Richie Adubato stood humbled in the wreckage of his dream. When he came out of preseason the Dallas Mavericks' coach envisioned a team led by Roy Tarp-ley, finally free of his personal demons, stepping into greatness. He saw a three-guard rotation of Derek Harper, Rolando Blackman and Fat Lever that was the equal or better of any in the league. He saw Herb Williams filling in the cracks up front and Brad Davis handling spot duty in the backcourt.

Now he sees the lottery.

In the Western Conference, where seven teams have a winning percentage of .524 or better, the Mavericks aren't going anywhere. They're 15-26, after losing Tarpley for the season with a knee injury in early November and then seeing Lever go down for two months after arthroscopic surgery. Williams just returned to the lineup last week after he was out 17 games with bursitis in his right knee.

"I was in New York four years {as assistant to} Hubie Brown," Adubato said. "The first two years were great years for us with Bernard King and Billy Cartwright leading us. Then Bernard got hurt and Billy got hurt and we won 24 and 22 games. We went from 50 to 22. You can't lose top-notch people. It's just impossible. We lost Tarpley for the year and we lost Fat Lever for the year, basically."

The Mavericks still have talent. They have Blackman and Harper and Rodney McCray and Alex English. But they don't scare anyone. Teams attack gimpy James Donaldson with impunity, knowing Tarpley isn't there to close the driving lanes. Davis, 35, is playing 17 minutes a night as the third guard. Second-year forward Randy White, whom the Mavericks had just about given up on, now has to produce. And Dallas can win only when the game slows to comatose levels. The Mavericks took just 71 shots against the Bullets Saturday.

"Our feeling is that we'll be stronger next year when we get Tarpley back, and we get a high draft pick, and we get Fat back," Adubato said. "At the beginning of the year, Randy White was looking at 10 minutes a game. Now he's looking at 35. . . . The last couple of nights he's given us more of a complete game."

This is what happens when you make prescient trades and take care of your veteran players and do everything right.

"It's been very disappointing," Adubato said, "but you can't let that disappointment carry over. No matter what level, you still think you can win games. But we found out a long time ago you have to have talent." Dantley's Not Forgotten

The Lakers' A.C. Green for the Pacers' LaSalle Thompson rumors still hang in the air. After this, the scenario goes, Indiana signs Adrian Dantley. The longer Charles Barkley stays hurt, the 76ers also get more and more interested in ex-Maverick Dantley, the unemployed Washingtonian with the 24.5-point scoring average for 14 NBA years. And Philadelphia is still dangling Ron Anderson around. Speaking of the Sixers, nice to see that Tony Harris, the last cut of the Bullets' camp in preseason, is getting a look on a 10-day with them. . . .

A trade made: Charlotte acquired 6-foot-11 Eric Leckner yesterday from Sacramento, for a 1995 second-round draft pick and future considerations. In his third NBA season, he averaged 2.9 points, 2.7 rebounds and 11.8 minutes in 32 games for the Kings. But can he spell (Mike) Gminski? That's what the Hornets want from him. . . .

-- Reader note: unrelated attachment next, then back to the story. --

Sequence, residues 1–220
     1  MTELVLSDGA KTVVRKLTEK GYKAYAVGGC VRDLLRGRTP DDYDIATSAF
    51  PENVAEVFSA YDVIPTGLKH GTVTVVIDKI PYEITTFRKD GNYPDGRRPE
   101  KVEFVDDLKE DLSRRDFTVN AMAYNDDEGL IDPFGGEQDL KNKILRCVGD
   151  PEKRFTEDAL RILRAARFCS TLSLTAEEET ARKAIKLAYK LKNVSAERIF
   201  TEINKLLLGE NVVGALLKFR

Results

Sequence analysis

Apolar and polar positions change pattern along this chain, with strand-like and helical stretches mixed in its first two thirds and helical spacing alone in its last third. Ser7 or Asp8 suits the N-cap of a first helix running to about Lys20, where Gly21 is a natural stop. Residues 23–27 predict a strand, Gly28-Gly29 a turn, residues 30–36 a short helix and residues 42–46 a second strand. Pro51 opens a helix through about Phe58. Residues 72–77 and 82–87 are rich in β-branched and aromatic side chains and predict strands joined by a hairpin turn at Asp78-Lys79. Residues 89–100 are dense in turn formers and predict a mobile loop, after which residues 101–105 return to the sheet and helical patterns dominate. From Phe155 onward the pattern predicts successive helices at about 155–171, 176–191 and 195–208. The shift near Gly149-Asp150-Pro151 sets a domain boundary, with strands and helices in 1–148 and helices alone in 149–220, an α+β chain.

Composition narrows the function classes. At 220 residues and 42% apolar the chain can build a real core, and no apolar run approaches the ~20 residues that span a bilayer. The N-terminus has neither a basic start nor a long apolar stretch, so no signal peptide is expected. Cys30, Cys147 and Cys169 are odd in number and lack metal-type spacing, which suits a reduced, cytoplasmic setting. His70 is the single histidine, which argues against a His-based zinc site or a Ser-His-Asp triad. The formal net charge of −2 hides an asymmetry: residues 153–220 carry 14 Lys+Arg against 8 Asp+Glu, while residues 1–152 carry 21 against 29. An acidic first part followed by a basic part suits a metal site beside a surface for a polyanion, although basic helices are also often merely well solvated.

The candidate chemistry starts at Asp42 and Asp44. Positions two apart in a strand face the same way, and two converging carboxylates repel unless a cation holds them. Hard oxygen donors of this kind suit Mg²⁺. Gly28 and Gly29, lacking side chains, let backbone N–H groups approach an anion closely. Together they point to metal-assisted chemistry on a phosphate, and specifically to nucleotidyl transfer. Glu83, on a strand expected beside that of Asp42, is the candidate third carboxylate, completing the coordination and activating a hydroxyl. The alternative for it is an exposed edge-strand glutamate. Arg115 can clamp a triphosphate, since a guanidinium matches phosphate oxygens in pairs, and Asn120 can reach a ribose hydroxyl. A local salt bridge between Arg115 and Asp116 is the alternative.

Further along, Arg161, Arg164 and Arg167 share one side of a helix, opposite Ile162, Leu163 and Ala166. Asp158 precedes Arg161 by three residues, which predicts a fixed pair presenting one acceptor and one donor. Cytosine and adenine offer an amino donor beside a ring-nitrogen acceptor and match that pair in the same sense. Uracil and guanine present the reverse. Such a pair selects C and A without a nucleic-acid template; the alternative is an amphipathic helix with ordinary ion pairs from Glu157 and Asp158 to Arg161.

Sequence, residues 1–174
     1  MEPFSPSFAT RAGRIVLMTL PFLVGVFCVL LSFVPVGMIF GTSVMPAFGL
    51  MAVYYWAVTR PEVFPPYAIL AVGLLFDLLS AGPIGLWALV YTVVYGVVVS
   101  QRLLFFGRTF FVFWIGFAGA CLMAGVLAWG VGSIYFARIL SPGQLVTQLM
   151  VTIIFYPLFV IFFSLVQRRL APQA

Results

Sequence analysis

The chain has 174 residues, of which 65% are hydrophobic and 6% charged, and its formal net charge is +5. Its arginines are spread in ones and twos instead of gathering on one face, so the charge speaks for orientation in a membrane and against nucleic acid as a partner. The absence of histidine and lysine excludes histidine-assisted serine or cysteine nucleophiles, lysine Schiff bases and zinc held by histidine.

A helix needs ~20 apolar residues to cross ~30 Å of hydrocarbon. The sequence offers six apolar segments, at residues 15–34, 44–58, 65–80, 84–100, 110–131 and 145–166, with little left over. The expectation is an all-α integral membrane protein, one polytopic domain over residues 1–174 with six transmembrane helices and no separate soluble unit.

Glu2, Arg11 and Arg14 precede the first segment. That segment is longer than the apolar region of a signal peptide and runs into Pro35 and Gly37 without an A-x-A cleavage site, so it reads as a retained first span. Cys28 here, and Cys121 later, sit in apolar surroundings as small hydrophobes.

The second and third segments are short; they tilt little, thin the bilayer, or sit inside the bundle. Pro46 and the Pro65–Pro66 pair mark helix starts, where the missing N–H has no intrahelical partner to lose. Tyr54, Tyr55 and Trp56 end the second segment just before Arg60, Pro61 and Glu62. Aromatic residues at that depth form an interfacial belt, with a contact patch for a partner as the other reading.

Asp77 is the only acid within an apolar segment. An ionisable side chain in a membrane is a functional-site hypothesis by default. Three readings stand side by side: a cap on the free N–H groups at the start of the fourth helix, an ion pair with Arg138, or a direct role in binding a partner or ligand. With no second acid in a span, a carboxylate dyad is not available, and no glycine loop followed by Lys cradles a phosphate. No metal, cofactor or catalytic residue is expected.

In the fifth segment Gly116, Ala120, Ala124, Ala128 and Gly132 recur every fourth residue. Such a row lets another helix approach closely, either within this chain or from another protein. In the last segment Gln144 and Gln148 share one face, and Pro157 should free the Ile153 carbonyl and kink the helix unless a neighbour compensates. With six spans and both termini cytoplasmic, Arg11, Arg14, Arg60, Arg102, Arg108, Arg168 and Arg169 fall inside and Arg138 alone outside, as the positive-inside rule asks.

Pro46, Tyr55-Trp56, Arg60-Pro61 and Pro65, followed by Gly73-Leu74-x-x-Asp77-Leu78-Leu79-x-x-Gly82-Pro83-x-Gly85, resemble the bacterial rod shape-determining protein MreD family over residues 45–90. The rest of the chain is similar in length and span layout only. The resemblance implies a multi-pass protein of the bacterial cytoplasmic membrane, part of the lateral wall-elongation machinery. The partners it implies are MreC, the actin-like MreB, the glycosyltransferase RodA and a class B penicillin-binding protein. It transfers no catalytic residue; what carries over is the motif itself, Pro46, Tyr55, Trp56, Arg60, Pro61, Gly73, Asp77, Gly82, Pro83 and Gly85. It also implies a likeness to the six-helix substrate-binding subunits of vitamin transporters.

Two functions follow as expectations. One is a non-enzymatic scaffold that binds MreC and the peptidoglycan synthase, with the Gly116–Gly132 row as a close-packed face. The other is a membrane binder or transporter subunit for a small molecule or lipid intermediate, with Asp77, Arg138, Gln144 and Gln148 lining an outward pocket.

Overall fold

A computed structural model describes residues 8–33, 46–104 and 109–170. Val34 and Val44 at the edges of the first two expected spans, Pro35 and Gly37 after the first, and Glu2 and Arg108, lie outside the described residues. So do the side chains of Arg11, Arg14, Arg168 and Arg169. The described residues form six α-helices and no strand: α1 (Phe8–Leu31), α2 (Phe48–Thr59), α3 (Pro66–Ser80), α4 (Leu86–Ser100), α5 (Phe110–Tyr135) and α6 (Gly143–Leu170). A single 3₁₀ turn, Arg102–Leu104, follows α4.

Isiah Thomas has decided he won't hang around The Palace while his wrist heals. He won't sit on the bench with the Pistons until he's ready to play again. But the prospect of playing the rest of the season without their captain, inspirational leader, best speaker and access to management doesn't leave his teammates spinning.

"We don't deal with one-man attitudes," John Salley said. "We deal with positive attitudes, not negative ones. No problem." Not yet, anyway . . . The Bulls Do Rage

So Michael Jordan wants to be a general manager too. He told Chicago writers last week the Bulls would be much better off if he, and not Jerry Krause, was running the personnel department. The specific source of Jordan's ire was Chicago's failure to get Walter Davis from the Nuggets before the Trail Blazers scarfed him up in a beautiful offense-by-defense action. Namely, the Spurs, Suns and other Western Conference contenders wanted Davis badly, but Portland made a preemptive strike.

Bulls players also wonder why Krause is so fired up about Yugoslavian pro Toni Kukoc, who reportedly has been offered $2.5 million a year for five years. He couldn't play for Chicago until next season anyway.

"None of those {European players} came in and dominated this league," Scottie Pippen told Newsday. "They say this guy is supposed to be totally different, but they say the same thing every time one of the guys comes over. If he comes over and deserves all the publicity, it's a great job on the front office's part. But if not, then they have to eat their words." . . .

Magic Johnson isn't kidding when he talks about the Lakers' defense. Los Angeles is second in the league in low points allowed at 99.7. Only Detroit is better. . . . Why is it taking the Cavaliers so long to take care of Lenny Wilkens's contract? It's up at the end of the year. Someone's not actually thinking of making him the scapegoat for Cleveland's injury-flogged season, are they? . . .

The Pacers were worried at how long it was taking Vern Fleming to come back from his pinched nerve. But he returned to practice Monday. And Indiana has gotten a pleasant surprise from oft cast-off Michael Williams at the point. . . . Larry Bird, out 11 games with back problems, has returned to Celtics' practice.